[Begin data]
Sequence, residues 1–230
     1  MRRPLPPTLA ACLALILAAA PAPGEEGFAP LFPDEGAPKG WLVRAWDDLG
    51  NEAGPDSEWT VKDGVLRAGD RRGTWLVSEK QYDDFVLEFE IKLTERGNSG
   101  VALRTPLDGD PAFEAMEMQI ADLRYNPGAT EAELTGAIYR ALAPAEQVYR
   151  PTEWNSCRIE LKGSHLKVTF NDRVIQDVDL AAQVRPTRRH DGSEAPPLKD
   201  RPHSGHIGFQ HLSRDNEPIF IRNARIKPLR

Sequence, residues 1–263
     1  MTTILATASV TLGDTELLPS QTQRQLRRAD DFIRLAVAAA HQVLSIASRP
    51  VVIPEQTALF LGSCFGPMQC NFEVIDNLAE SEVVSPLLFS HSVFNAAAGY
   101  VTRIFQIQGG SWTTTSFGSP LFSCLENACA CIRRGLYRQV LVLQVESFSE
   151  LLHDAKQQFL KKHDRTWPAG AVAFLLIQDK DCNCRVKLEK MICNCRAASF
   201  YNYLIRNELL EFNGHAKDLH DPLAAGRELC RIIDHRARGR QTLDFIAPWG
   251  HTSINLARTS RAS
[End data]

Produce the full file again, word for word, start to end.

Sequence, residues 1–230
     1  MRRPLPPTLA ACLALILAAA PAPGEEGFAP LFPDEGAPKG WLVRAWDDLG
    51  NEAGPDSEWT VKDGVLRAGD RRGTWLVSEK QYDDFVLEFE IKLTERGNSG
   101  VALRTPLDGD PAFEAMEMQI ADLRYNPGAT EAELTGAIYR ALAPAEQVYR
   151  PTEWNSCRIE LKGSHLKVTF NDRVIQDVDL AAQVRPTRRH DGSEAPPLKD
   201  RPHSGHIGFQ HLSRDNEPIF IRNARIKPLR

Sequence, residues 1–263
     1  MTTILATASV TLGDTELLPS QTQRQLRRAD DFIRLAVAAA HQVLSIASRP
    51  VVIPEQTALF LGSCFGPMQC NFEVIDNLAE SEVVSPLLFS HSVFNAAAGY
   101  VTRIFQIQGG SWTTTSFGSP LFSCLENACA CIRRGLYRQV LVLQVESFSE
   151  LLHDAKQQFL KKHDRTWPAG AVAFLLIQDK DCNCRVKLEK MICNCRAASF
   201  YNYLIRNELL EFNGHAKDLH DPLAAGRELC RIIDHRARGR QTLDFIAPWG
   251  HTSINLARTS RAS